Tor Project is working to fix the alleged critical bug discovered by researchers at Carnegie Mellon

Pierluigi Paganini July 26, 2014

The co-creator of the Tor network confirmed that the Tor Project team is working to identify and fix the bug announced by researchers at Carnegie Mellon.

Tor network is a system designed to anonymize user’s experience on the web, allowing the publishing of content in the part of web non indexed by search engines, dubbed DeepWeb.

A few weeks ago, researchers  from Carnegie Mellon University’s computer emergency response team (Cert), Alexander Volynkin and Michael McCord, announced that they are able to de-anonymise users Tor users and planned to reveal their discovery during the next Black Hat Conference in August.

We were all waiting for the presentation when the organization of the BlackHat had been contacted by the university’s lawyers which informed it that the researchers will not participate in the event.

“Unfortunately, Mr Volynkin will not be able to speak at the conference since the materials that he would be speaking about have not yet [been] approved by Carnegie Mellon University/Software Engineering Institute for public release,” states the message posted on the official website of the event.

Roger Dingledine, the expert known as one of the creators of  Tor, explained that he has no idea on the reason of the decision made by the researchers, but he added that the Tor Project had been “informally” shown some of the materials that would have been presented.
“In response to our questions, we were informally shown some materials. We never received slides or any description of what would be presented in the talk itself beyond what was available on the BlackHat Webpage.”

“I think I have a handle on what they did, and how to fix it. We’ve been trying to find delicate ways to explain that we think we know what they did, but also it sure would have been smoother if they’d opted to tell us everything. The main reason for trying to be delicate is that I don’t want to discourage future researchers from telling us about neat things that they find. I’m currently waiting for them to answer their mail so I can proceed.” “Based on our current plans, we’ll be putting out a fix that relays can apply that should close the particular bug they found. The bug is a nice bug, but it isn’t the end of the world.” he added.

Christopher Soghoian, principal technologist with the American Civil Liberties Union, has speculated that the researchers might have feared to be sued by criminal prosecution for illegal monitoring of Tor exit traffic.

“Monitoring Tor exit traffic is potentially a violation of several federal criminal statutes,” he added.

Tor network hacking Soghoian Tweet

The reality is that law enforcement agencies and intelligence all over the world are trying to develop capabilities to track users in the deepweb, and in particular on Tor networks. Hacking Tor is a goal for many Intelligence agencies as demonstrated also by the collection of documents leaked by Edward Snowden, that explicitly refers to a project named ‘Tor Stinks’ which has the scope to track Tor users.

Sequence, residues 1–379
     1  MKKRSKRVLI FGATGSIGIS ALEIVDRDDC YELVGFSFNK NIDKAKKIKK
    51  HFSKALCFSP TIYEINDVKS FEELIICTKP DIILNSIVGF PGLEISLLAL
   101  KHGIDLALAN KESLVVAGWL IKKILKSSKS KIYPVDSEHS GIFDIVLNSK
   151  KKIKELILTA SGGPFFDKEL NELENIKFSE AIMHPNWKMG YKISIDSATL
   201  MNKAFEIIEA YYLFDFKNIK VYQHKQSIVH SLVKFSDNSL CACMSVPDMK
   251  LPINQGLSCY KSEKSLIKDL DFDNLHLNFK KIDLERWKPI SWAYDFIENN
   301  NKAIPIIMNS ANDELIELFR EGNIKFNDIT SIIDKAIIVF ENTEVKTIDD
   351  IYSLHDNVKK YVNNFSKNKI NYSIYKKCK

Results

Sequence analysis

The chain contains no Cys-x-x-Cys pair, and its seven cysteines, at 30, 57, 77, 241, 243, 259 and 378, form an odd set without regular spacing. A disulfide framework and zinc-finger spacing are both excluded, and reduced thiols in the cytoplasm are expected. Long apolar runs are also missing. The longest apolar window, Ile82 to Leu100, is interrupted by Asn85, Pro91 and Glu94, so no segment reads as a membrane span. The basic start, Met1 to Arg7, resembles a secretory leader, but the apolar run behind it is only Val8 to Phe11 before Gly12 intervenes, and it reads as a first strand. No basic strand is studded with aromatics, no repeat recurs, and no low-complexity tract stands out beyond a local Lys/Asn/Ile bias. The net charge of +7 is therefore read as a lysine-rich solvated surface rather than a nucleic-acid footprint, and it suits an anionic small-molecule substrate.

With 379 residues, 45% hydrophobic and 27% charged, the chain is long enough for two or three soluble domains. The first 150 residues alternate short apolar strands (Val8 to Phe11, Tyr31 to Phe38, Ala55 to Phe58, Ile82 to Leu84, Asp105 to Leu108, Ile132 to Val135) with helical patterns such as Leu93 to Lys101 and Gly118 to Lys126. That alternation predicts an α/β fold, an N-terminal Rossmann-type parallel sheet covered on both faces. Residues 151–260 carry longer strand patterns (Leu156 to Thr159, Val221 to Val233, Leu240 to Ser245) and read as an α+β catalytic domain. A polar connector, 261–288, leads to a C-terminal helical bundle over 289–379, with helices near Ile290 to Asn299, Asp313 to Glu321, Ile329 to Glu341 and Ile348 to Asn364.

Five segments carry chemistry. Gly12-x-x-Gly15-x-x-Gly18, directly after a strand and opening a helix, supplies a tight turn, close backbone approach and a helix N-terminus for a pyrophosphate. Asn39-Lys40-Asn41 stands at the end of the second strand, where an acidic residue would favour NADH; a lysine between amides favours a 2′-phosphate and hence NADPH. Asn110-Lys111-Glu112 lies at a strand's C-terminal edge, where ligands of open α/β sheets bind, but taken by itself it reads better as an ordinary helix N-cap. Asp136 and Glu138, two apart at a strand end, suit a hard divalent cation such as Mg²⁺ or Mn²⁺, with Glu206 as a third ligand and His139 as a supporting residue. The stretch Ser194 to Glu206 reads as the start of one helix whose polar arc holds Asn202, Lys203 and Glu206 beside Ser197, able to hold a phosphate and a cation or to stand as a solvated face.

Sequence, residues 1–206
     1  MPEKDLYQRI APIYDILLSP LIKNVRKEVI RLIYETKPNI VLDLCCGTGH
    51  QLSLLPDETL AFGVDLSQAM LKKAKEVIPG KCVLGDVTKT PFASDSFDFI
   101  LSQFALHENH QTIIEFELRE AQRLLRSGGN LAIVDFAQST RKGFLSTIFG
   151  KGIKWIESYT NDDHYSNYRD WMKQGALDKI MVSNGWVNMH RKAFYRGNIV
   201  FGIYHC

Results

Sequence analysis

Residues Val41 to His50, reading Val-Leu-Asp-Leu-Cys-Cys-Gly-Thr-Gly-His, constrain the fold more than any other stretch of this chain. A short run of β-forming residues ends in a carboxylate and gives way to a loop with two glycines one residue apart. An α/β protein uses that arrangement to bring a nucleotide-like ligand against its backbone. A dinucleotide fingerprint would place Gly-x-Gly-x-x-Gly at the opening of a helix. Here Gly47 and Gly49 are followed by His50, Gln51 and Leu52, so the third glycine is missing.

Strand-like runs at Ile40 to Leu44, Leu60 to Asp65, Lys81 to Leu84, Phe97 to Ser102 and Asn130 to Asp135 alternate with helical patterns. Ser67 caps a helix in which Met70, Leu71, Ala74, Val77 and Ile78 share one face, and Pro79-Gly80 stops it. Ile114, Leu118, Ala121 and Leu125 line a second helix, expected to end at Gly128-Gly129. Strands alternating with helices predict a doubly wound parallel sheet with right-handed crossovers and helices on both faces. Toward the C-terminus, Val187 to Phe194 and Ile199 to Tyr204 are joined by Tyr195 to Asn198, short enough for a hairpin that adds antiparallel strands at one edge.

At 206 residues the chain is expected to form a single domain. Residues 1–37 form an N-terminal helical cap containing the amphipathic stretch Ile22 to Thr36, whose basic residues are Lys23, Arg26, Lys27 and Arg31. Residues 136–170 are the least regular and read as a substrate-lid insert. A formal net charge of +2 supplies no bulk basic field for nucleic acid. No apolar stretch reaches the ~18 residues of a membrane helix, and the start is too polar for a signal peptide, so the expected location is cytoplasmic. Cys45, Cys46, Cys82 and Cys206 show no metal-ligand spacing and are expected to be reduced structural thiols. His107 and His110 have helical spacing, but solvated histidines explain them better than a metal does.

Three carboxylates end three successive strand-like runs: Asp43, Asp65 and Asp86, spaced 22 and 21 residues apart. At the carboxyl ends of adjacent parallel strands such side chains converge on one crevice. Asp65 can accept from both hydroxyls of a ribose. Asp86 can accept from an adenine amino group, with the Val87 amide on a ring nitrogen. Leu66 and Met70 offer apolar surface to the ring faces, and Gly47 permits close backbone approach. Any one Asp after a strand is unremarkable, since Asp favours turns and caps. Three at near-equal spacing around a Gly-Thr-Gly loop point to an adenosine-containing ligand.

Last year the FBI exploited a zero-day flaw in the Firefox browser to identify Tor users for its investigation on child-pornography. The exploit was based on a Javascript that is a tiny Windows executable hidden in a variable dubbed “Magneto”. Magneto code looks up the victim’s Windows hostname and MAC address and sends the information back to the FBI Virginia server exposing the victims’s real IP address. The script sends back the data with a standard HTTP web request outside the Tor Network.

Firefox Zero-day against Tor Anonymity

The security expert and exploit developer Vlad Tsyrklevich analyzed the JavaScript code’s payload noting that it connects to a server to send back the user’s data.

Briefly, this payload connects to and sends it an HTTP request that includes the host name (via gethostname()) and the MAC address of the local host (via calling SendARP on gethostbyname()->h_addr_list). After that it cleans up the state and appears to deliberately crash.

The code is considered the first sample captured in the wild of the FBI’s “computer and internet protocol address verifier,” aka CIPAV, the law enforcement spyware first reported by WIRED in 2007.

Recently German broadcaster ARD reported that NSA experts were monitoring two Tor directory servers in Germany to de-anonymize IP addressed of Tor users using them.

What’s about Russians?

Russia’s Interior Ministry has postedtender to recruit companies and organization which are interested to “study the possibility of obtaining technical information about users (user equipment) TOR anonymous network”.

We will never know why these researchers have cancelled their participation to the BlackHat, but the unique certainty is that government are spending a huge effort to track users on anonymizing network and probably they have exploited and are exploiting zero-day flaws in these systems.

Pierluigi Paganini

Security Affairs –  (Tor, hacking)

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